Neologisms are fascinating; looking at where a name comes from can reveal an immense amount about the thing or group it represents. An obvious example? The name of this very journal, RhetNet. An obvious and accessible way to label a publication (if indeed that is the word for what this is) where rhetoric meets the internet.
That same intersection has led to another neologism -- "netoric." It's more than just a MOO-based Cafe; it's come to be used to label the ongoing work of rhetoricians of technology working in online and hypertextual environments. But ask Greg Siering, who coined the word with Tari Fanderclai some three years ago when they founded the Cafe, what it means, and he'll say, "Netoric? I don't know. I don't want to put a particular definition on it, because it's still defining itself. If I claim ownership of the word and put a definition to it, that immediately limits the possibilities" (personal electronic communication, 1995).
Siering is correct at many levels; but when we start tossing the term around near our students, or even more dangerously, near administrators who want course descriptions, then for practical purposes we need to match a definition to the word. One possible starting point is this: netoric is the rhetorical study of nonlinear electronic communications technologies.
Of course, we could all argue through the end of the millenium about the definitions of most of the words in that definition -- rhetorical ... nonlinear ... communications ... technologies. So perhaps constructing a definition isn't as limiting as Siering might have feared.
And ... wait! Isn't this definition, in most important ways, simply a re-statement of a common defintion of "rhetoric"? Shouldn't we be able to articulate why we're not using "rhetoric"? Isn't it because "netoric" is a more clever word, more attractive to the audience; it sounds cool and reads cool all at the same time, perhaps reflecting the oral/print mixture so many Netoricians claim is the basis of the field? Or is that just happy coincidence?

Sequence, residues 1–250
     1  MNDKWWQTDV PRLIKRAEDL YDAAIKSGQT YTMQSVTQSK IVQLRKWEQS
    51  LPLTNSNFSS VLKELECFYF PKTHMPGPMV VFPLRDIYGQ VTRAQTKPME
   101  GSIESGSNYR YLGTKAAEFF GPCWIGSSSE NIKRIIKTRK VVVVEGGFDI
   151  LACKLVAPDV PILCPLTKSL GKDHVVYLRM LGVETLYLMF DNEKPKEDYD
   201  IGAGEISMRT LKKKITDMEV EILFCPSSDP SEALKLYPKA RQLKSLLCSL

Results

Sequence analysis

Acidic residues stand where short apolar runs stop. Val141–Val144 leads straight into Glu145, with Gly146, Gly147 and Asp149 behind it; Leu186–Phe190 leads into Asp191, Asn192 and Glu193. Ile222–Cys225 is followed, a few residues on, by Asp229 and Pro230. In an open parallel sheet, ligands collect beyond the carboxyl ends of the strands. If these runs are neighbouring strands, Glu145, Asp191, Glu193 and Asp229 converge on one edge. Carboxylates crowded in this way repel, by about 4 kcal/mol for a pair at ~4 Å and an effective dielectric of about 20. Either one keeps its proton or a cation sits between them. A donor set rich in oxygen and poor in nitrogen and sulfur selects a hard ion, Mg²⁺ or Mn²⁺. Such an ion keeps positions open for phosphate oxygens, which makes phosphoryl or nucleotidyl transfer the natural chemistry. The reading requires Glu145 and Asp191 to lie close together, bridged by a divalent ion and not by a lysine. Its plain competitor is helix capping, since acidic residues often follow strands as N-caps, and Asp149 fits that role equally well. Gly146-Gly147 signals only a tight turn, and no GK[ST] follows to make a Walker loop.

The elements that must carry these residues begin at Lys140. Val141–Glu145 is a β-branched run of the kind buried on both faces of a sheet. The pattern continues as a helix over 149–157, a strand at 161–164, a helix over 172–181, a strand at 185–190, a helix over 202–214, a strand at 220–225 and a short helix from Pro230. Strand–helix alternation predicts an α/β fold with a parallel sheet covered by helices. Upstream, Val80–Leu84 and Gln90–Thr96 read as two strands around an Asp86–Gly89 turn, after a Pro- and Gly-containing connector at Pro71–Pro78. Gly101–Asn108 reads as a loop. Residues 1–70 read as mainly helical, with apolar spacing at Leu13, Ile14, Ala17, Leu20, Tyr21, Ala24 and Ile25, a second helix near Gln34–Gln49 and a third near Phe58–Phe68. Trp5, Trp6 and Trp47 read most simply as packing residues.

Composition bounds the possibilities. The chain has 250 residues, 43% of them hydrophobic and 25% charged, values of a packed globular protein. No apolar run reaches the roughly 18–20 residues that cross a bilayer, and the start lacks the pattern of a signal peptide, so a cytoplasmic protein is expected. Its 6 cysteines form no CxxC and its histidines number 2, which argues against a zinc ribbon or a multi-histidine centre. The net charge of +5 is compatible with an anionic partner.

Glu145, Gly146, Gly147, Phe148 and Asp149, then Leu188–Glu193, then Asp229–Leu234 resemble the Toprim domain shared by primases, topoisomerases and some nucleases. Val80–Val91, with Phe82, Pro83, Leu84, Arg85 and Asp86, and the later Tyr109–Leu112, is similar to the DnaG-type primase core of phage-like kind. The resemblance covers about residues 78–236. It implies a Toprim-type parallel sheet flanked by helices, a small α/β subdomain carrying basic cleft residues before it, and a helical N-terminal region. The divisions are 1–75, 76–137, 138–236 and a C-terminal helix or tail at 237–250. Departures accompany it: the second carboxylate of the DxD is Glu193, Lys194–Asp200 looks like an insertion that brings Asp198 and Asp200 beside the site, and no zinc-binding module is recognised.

So why do it? Why name the one field (netoric) in terms of its ancient forebearer (rhetoric)?
We name things to understand them, and then construct and re-construct the definitions attached to those names as we construct and re-construct our understandings. Naming matters. It can also be a dangerous thing!
Both McLuhan (1962), in The Gutenburg Galaxy, and Toffler (1980) in The Third Wave, have pointed out that we use the terminology of old paradigms to name aspects of new realms.
The "horseless carriage" was defined in terms of its animate predecessor; its energy is still described as "horsepower." The printing press followed the illuminated manuscript -- and early typeset mimicked script. The typewriter followed the earlier linotype printing press and was so named "type" + "writer."
Following the typewriter -- the computer, and its first fonts (usually Courier) looked like typewriter-type. There is a common HTML code, <tt> ... </tt> which stands for just that ... "typewriter type." Despite the overwhelming presence of computers, with the easy capability of italicizing, the newest MLA styleguide still accepts underlining in place of italics ... a nod to the technology of the old paradigm.
Similar terms have arisen in the Computers and Writing community, a new realm in the old paradigm of academia. Aside from "electronic mail," which is now commonly understood at the societal level, there are a great many others which use specifically academically-based terms. RhetNet, a new kind of medium entirely, still labels itself a CyberJournal. We read about "online conferences and roundtables." Our students post to electronic bulletin boards.
We are defining the new realm of technological literacies in academia by borrowing and re-shaping names from the old paradigm(s). But both the cleverness of the names and the ease with which we might see through their meanings is an open door for administrators and others to criticize and even dismiss the new realm with observations and commentary based solely on assumptions relevant to old paradigms.
Why is naming important? Because naming counts. Naming is how we are recognized, valued, supported. If we aren't certain of our naming, or it we don't insist on being clear with our subsequent defining, and instead allow those unfamiliar with the field name and define for us, then consequences will hurt us and our discipline.
We will be (mis)understood, in terms of 4000 years of rhetorical tradition, rather than in the ongoing invention of a netorical field arguably not yet a decade old. We will be criticized for what we do not do, or what we do not know, in terms of the old paradigm. Those in power -- administrators, tenure/promotion review boards, hiring committees -- will make powerful, potentially harmful, decisions that affect our field in terms of what they're used to knowing rather than what we-they might not yet know.
Naming counts. Naming matters. What are we doing to define our realm?
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